Nadia: Not every writer, but a lot of writers that are doing well, came from say, building their audience on Twitter. And so it's not like they can just completely go dark and never do anything public again. They have to switch between these modes now where certain things are public and therefore growing your audience and getting a lot of like random new interests coming in. And then your newsletter can be a place to do things more quietly. Yeah, there's no way to really escape that if you are a creator of any sort, I think. And dealing with the idea that sometimes.. The things you care the most about are not the things that are going to go the most viral.
Henry: Thinking about that, my friend has a newsletter too and one of the titles was called Friction is the Friend of Serendipity, based off a different post called engagement is the enemy of serendipity. So I think what we're talking about is essentially the whole neutral public square idea, right? There's this space where we can all go and say whatever you want. In theory, everything is good, but now we're realizing we need friction, we need boundaries. That those are good things. But because we live in a society that has been without those for so long, there's this transition period that's going to be really difficult to figure out. Because everything is just based off of that assumption all the way down.
Nadia: Yeah, it feels like the kind of thing that we can't go out and architect from scratch, but people are already starting to find ways to adapt and we'll kind of see those as the new opportunities.
Nadia: I was just talking to a friend yesterday about group chats. And he made this point that I guess I just had not really thought about before. So most group chats are taking place on the most popular messaging platform. So Facebook messenger, WhatsApp, whatever. So you kind of think, okay, it must be because they're really big companies that have somehow captured this, but actually, there's no good reason why we have to be doing that stuff on iMessage or WhatsApp or whatever. It kind of just like happened. And like his point was that, it was the first place people looked to flee from the most public square.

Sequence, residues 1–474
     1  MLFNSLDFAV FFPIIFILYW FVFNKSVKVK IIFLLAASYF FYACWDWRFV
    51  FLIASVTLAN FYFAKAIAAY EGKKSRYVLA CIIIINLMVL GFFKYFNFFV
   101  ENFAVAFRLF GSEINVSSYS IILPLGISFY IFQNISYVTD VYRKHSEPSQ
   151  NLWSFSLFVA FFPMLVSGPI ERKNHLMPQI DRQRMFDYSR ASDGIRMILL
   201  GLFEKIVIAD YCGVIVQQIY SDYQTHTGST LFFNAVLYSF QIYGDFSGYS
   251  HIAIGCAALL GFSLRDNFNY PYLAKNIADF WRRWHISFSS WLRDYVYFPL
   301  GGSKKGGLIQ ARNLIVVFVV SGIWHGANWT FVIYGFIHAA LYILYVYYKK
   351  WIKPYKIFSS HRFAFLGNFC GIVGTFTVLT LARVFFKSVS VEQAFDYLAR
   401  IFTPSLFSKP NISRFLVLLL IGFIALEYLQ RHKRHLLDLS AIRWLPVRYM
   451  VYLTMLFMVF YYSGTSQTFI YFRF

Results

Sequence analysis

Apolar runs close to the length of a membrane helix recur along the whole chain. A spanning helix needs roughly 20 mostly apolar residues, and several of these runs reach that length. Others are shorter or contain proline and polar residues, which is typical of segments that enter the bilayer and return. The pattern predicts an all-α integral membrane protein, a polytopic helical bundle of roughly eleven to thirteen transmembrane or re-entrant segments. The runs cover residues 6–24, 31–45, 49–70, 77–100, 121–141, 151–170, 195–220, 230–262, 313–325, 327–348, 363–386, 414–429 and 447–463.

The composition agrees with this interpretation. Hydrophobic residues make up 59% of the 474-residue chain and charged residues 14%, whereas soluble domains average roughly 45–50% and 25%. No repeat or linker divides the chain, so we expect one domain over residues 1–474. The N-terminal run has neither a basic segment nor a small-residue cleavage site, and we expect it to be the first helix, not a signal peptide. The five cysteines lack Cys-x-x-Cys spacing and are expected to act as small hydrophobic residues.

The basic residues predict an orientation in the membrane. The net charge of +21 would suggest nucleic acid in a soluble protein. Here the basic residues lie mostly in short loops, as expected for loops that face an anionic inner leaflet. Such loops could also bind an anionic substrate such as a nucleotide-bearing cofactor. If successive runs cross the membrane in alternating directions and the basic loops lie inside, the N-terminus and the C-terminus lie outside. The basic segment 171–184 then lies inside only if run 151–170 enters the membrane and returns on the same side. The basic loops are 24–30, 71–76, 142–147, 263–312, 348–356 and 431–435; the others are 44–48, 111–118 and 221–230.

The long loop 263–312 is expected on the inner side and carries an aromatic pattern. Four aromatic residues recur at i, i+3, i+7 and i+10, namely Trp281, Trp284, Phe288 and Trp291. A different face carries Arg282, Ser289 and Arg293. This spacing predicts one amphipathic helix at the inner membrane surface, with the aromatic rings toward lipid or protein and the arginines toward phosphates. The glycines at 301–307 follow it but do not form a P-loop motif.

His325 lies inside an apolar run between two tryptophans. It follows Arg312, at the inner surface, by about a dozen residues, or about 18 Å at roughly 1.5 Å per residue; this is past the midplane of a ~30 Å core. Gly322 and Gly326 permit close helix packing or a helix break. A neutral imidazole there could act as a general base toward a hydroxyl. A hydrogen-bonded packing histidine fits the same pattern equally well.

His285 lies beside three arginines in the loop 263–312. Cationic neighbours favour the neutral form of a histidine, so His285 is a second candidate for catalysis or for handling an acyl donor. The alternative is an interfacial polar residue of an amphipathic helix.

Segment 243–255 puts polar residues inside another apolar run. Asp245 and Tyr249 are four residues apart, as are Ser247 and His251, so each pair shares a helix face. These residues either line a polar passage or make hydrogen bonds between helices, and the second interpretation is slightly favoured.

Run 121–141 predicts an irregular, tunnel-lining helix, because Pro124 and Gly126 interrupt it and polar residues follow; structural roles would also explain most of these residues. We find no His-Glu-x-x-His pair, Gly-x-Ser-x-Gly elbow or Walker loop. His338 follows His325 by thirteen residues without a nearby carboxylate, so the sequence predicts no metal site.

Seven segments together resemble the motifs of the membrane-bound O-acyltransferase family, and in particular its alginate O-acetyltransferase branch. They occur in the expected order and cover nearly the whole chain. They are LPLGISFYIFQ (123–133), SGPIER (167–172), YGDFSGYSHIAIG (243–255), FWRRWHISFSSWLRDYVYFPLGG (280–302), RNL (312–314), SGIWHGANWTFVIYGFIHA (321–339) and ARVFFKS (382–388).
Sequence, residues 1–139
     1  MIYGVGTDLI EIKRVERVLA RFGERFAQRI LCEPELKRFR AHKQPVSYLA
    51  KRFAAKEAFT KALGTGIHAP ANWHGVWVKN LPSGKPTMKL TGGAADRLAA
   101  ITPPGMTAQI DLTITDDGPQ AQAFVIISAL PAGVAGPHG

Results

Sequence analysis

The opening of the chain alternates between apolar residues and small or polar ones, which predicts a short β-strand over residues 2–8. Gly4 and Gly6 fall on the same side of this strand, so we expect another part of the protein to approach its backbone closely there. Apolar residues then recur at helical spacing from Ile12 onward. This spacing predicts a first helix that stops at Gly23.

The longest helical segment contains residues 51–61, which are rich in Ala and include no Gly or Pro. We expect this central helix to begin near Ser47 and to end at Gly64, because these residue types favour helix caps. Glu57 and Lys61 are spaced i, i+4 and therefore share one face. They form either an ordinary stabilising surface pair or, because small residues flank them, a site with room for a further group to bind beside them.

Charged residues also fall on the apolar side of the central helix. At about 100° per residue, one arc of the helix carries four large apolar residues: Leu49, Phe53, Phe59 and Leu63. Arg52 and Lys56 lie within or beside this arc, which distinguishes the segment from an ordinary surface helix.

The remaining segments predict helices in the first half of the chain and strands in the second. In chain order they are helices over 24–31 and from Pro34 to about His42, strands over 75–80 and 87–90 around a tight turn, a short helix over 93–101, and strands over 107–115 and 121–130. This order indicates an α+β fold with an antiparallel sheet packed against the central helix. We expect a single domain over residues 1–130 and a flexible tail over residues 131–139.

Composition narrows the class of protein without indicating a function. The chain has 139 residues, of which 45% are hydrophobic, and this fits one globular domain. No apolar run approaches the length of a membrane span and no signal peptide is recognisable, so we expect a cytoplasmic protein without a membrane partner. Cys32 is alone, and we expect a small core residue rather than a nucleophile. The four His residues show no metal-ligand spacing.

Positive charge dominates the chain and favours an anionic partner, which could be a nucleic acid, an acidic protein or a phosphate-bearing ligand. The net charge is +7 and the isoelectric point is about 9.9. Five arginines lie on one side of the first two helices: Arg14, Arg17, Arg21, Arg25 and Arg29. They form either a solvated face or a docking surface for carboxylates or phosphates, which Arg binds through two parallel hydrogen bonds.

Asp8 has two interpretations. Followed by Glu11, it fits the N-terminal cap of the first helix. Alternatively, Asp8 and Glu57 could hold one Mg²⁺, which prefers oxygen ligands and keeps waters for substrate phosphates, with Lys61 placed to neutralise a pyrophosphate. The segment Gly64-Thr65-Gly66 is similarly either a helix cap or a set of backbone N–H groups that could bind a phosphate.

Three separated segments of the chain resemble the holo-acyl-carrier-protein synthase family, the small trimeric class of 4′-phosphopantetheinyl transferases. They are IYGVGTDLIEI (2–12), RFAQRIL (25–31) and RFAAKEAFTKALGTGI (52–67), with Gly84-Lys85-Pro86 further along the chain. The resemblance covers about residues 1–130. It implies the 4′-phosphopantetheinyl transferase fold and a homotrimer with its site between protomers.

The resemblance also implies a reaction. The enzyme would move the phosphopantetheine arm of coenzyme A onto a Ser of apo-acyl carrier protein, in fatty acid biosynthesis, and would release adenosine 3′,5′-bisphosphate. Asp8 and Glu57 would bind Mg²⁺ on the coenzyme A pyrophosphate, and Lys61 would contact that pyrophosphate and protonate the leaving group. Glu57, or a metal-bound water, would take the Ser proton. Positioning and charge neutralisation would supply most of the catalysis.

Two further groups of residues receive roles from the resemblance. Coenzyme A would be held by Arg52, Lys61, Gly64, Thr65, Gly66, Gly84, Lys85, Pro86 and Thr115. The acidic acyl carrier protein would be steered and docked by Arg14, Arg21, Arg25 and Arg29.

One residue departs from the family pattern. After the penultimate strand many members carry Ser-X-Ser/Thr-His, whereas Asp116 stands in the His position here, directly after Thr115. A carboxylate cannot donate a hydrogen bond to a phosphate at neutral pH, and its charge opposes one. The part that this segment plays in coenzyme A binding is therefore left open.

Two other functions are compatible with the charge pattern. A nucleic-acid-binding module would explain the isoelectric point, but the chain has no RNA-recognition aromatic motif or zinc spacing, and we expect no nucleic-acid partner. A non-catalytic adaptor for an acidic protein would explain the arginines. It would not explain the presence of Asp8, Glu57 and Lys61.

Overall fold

Nadia: Of course, take it to your text, take it to DMs. But those features or apps have not actually really been designed for group chat behavior. He was saying, you use SMS to receive your verification codes when you've got like two factor enabled. You use SMS for the most utilitarian things. But then you also use SMS to have these really deep conversations with people.
Nadia: And it just seems a little bit like strange. What would it look like if we had social products that were really designed for group type conversations. It might look a little bit different from just like straight up messaging. And so yeah, I feel like that's a good example of, the behavior is already happening. We can kind of look at it and be like, okay, everyone's fleeing to text for some reason. Suddenly I have all these group chats that I didn't have like three or four years ago. Why is that? But then see that as almost like the emerging nascent behavior that might lead to more interesting opportunities to build on top of.
Henry: Yeah, that makes a lot of sense. That sort of reminds me of GitHub being transactional. Or just seems like everything's a box, right? Zoom is just a bunch of boxes. Maybe that's where a lot of programmer's interest in like architecture comes about? The medium matters, the space that you're in matters. We're not in buildings anymore because the pandemic, but digital spaces. How do we create them so it's more embodied, right? Involves more of our being.